Mercedes-Benz is introducing the latest model of its widely acclaimed large van – the new Sprinter. The Sprinter has been the face of innovations in its segment, setting new standards. The latest model aims to continue what has been started, as it features five new safety systems, engines that comply with future Euro VI emissions standard, and a very impressive appearance.
New Sprinter is so far the most efficient vehicle in its segment, as it only consumes 6.3 liters of fuel per 100 km. Euro VI drastically cuts the emission limits for nitrogen oxides (NOx), total hydrocarbons (THC), and particulate mass, and the new Sprinter is the first van in the world to comply with standard in all of its engine variants.
The van achieved this feat through the help of its BlueTEC engine and SCR technology that injects AdBlue into the exhaust gas. This technology has been tried and tested in over 100,000 commercial vehicles from Mercedes-Benz. This achievement was made without sacrificing the performance of the diesel engines -- four- and six-cylinder of which still provide outputs ranging from 70 kW (95 hp) to 140 kW (190 hp).
An additional exhaust treatment stage is employed to optimize the injection and combustion processes and boost pressure. These resulted to lower fuel consumption and less combustion noise. Mercedes-Benz also made an adjustment to the drive system and the ancillary components – transmission, rear axle and an intelligent generator management system --to improve fuel efficiency.
Mercedes-Benz is also offering an alternative gasoline engine for the new Sprinter -- a Euro VI-compliant supercharged four-cylinder featuring direct injection. The engine generates 115 kW (156 hp) from a total displacement of 1.8 liters.
The engine is also offered with a natural gas variant, which provides the same performance. Power is transmitted either by the ECO-Gear six-speed manual transmission or the 7G-TRONIC PLUS seven-speed automatic transmission with lock-up clutch, which is the only system of its kind in a van.
Just after it was launched officially to the market, the 2014 Sprinter has shown that it has an excellent track record. This new offering from Mercedes-Benz has revealed in comprehensive trials how reliable it really is. Whether it is running at top speeds during endurance test or taking short-distance tests on the icy roads of Scandinavia. For the latter test, it was composed of a large number of stops with a high proportion of the time spent idling.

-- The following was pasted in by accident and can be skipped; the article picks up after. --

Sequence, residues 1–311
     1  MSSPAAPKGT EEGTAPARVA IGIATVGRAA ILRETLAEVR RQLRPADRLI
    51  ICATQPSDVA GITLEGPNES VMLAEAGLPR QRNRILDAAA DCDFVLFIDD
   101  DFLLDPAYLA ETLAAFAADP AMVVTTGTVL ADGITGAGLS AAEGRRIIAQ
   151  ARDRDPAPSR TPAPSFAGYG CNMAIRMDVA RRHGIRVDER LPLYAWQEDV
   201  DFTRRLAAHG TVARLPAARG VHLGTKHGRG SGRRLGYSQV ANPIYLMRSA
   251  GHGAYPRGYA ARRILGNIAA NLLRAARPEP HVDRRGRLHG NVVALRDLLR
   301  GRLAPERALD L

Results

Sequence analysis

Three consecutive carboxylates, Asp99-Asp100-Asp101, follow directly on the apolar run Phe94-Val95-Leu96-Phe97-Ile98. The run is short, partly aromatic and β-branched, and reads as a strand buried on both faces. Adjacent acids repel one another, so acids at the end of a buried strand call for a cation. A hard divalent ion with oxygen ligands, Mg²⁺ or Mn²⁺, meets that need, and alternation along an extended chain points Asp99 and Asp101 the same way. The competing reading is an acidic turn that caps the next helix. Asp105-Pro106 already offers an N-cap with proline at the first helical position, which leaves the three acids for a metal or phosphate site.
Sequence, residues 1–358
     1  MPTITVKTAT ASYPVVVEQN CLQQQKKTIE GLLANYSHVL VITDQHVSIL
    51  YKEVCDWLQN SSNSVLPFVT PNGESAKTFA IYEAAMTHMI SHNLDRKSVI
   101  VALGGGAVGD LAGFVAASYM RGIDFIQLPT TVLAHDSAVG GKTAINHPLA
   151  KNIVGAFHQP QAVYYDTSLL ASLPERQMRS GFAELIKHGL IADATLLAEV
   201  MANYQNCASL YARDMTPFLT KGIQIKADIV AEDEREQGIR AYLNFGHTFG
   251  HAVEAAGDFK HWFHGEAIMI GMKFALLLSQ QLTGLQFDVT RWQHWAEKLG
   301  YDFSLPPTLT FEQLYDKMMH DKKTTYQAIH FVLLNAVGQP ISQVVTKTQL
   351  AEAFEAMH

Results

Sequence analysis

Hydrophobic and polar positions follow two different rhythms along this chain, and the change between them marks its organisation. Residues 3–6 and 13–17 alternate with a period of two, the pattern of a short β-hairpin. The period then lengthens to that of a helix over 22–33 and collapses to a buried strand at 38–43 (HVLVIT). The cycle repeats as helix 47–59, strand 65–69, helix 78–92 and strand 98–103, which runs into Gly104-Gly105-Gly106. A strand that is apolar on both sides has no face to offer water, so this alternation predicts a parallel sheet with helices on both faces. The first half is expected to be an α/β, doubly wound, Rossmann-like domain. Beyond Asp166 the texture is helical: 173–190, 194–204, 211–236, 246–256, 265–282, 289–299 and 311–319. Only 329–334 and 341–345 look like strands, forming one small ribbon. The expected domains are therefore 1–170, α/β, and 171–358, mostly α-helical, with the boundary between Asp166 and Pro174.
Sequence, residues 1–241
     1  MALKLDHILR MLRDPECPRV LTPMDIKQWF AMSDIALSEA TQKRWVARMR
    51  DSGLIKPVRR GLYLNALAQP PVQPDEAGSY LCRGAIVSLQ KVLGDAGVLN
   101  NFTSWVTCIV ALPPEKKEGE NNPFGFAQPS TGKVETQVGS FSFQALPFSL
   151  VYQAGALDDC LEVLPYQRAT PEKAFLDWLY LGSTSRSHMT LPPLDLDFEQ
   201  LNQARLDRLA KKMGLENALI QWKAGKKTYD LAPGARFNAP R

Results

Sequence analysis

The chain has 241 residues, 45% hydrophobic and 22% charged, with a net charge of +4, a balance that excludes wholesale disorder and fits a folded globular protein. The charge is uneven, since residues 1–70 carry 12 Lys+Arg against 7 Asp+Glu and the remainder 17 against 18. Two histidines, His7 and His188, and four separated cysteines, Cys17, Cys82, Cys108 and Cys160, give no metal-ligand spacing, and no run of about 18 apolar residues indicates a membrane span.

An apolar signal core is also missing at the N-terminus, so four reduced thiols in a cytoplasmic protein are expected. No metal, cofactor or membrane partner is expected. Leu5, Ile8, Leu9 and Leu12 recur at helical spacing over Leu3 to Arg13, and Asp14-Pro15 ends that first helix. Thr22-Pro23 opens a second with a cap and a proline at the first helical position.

Aside from the endurance tests, there was the tough deployment in real-life traffic by the customers. Overall, the 2014 Sprinter underwent a total of around 5 million miles. In addition, Mercedes-Benz said that the operations covered a wide range of driving profiles. This includes service of a company that uses a maximum of 170,000 miles on a yearly basis, and made possible by alternating drivers through a relay system.
Another emphasis during the development phase was that it should offer a wide array of new assistance systems, many of which have not yet been seen within the van segment. There are at least four new assistance systems that help lower the possibly of experiencing accidents. These are the Lane Keeping Assist, Highbeam Assist, Collision Prevention Assist, and Blind Spot Assist. With these new systems, Mercedes-Benz Vans will be able to highlight not only the innovative developments but also the brand’s pioneering role when it comes to safety technology.
One reason why this new assistance system can help reduce accidents is because of the electronic aids. Those in-charge of development at the brand know that by including in the van segment these new assistance systems, it will bring with it a positive effect as it relates to accident statistics. Mentioned earlier, one of the assistance systems is the Collision Prevention Assist which cautions the driver of impending collisions.
When it comes to accidents occurring on the road, one of the most dangerous factors is the failure of one driver to maintain the required distance from the other cars on the road. The brand’s very own research team conducted a study and found out that having radar-based assistance systems could be a big help. Having it could help prevent rear-end collisions, or at the very least, lower the possibility of such collisions.